Chance to see rare locomotive at historic County Durham railway

HISTORIC LOCO: Tanfield Railway driver David Allinson getting No. 178 ready for visitors

HISTORIC LOCO: Tanfield Railway driver David Allinson getting No. 178 ready for visitors

First published in News

A RARE 104-year-old steam locomotive is taking part in a fortnight of celebrations on the world’s oldest railway.

The South Eastern and Chatham Railway ‘P’ Class locomotive No. 178 has completed a 300 mile journey to the North-East to be at the Tanfield Railway, near Stanley, County Durham, over the bank holiday weekend.

Built in Ashford, Kent in 1910, No. 178 is based at Bluebell Railway, in Sussex, but made the trip north to take part in events commemorating the region’s rich railway heritage.

Tanfield Railway director, David Watchman said: “We wanted to celebrate this period of our history with a special visitor that really summed up what branch lines are all about.

“The ‘P’ Class with its elaborate livery and gleaming brass work really encapsulates everything about rural branch lines that were so loved and found their way into so many people’s lives.”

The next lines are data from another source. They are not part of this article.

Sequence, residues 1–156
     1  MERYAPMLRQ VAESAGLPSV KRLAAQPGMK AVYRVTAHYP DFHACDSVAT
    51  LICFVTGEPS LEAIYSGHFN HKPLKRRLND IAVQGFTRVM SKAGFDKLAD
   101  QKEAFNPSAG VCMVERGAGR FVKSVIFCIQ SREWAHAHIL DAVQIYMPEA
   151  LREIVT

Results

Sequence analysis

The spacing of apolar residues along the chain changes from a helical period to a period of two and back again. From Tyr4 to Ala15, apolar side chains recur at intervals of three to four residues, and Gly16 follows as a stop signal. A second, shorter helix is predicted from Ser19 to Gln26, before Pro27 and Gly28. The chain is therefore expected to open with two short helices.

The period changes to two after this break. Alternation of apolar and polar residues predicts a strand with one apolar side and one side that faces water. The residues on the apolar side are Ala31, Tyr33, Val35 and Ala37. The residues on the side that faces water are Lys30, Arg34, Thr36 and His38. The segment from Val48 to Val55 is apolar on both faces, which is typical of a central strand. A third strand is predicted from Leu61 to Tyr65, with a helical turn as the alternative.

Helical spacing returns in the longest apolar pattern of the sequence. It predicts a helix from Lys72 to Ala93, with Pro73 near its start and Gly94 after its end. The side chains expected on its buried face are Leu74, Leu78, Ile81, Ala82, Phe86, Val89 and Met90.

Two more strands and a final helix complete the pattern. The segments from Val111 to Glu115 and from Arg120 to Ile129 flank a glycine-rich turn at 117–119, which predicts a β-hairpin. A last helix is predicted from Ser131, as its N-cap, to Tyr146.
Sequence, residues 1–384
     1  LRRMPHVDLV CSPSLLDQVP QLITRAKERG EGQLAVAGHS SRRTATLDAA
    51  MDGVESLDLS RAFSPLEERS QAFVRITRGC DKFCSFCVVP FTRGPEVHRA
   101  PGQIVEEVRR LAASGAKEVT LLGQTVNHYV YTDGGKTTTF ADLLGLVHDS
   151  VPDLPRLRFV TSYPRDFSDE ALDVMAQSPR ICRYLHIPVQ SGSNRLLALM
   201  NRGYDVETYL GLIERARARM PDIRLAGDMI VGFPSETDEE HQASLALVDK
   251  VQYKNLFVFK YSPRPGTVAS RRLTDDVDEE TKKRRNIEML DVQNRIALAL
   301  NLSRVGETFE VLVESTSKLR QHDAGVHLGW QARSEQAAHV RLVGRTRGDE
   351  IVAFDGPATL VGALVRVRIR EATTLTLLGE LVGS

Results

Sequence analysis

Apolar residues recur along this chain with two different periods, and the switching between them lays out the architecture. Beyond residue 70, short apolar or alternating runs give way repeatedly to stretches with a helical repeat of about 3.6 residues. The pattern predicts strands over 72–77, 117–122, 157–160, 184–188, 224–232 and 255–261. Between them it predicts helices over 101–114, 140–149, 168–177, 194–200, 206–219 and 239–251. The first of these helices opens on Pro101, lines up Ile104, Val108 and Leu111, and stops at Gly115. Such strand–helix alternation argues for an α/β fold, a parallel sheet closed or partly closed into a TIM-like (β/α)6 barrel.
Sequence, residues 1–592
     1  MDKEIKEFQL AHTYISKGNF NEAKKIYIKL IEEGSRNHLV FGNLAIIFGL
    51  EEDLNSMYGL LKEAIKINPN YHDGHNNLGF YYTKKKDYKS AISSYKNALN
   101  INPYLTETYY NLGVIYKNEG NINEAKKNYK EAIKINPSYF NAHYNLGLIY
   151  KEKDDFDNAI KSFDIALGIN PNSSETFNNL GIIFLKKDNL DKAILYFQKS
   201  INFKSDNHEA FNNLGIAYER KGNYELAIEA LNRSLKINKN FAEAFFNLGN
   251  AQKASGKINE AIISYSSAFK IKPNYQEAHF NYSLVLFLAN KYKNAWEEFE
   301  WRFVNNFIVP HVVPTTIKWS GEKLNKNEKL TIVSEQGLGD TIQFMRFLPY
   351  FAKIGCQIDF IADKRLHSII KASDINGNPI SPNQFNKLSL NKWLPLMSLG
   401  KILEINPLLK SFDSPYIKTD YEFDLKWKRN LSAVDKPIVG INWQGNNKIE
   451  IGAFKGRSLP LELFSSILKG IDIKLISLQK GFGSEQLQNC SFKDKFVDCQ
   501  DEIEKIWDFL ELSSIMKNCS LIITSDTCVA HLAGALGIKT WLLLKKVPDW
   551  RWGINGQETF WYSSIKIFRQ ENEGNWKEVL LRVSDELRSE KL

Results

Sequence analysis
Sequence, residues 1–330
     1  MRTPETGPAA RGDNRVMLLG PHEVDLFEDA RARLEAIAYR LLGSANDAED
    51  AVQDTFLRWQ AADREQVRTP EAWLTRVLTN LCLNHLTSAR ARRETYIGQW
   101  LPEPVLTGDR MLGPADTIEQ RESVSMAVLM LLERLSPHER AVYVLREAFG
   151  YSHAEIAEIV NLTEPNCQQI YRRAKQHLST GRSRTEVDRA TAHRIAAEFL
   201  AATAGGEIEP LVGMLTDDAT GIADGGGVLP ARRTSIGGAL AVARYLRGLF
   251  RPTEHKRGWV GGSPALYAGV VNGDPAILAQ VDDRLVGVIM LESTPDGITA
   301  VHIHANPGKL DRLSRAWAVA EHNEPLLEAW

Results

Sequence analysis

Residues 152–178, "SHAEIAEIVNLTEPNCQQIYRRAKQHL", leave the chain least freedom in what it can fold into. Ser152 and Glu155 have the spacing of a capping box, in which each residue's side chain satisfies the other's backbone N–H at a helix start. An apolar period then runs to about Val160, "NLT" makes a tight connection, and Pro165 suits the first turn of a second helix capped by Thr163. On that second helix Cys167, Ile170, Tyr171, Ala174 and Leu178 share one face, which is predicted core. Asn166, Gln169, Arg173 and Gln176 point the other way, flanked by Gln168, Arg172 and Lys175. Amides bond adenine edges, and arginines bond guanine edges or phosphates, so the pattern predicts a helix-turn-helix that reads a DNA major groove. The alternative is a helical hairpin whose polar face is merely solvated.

No. 178 was one of a special class of steam locomotives built specifically to work branch line trains in the South-East.

The 28 ton locomotive worked in London suburbs, in the Brighton and Reading areas and in Kent before being withdrawn by British Railways after nearly 50 years in service.

After a period working at a paper mill in Kent, No. 178 was preserved by the Bluebell Railway, the first branch line in the country to be saved and operated by volunteers.

It was restored to its original South Eastern and Chatham Railway condition, complete with fine lining and highly polished brass work in 2010.

The visit to Tanfield Railway is believed to be the first time that the locomotive has ever travelled north of London, and the trip was arranged specially for celebrations to mark 175 years since iron rails were first laid on the Tanfield route.

The line from collieries near Stanley to the Tyne at Dunston was rebuilt as a ‘modern’ railway in 1839 by the Brandling Junction Railway.

The modernisation also led to steam locomotives being introduced and transformed mining in the area with a passenger service also introduced for a brief period.

Mr Watchman said: “When this route was modernised it became a very early example of what we would recognise as a branch line today.”

The visiting ‘P’ Class will be in action alongside locomotives based at Tanfield this coming Saturday and Sunday as well.

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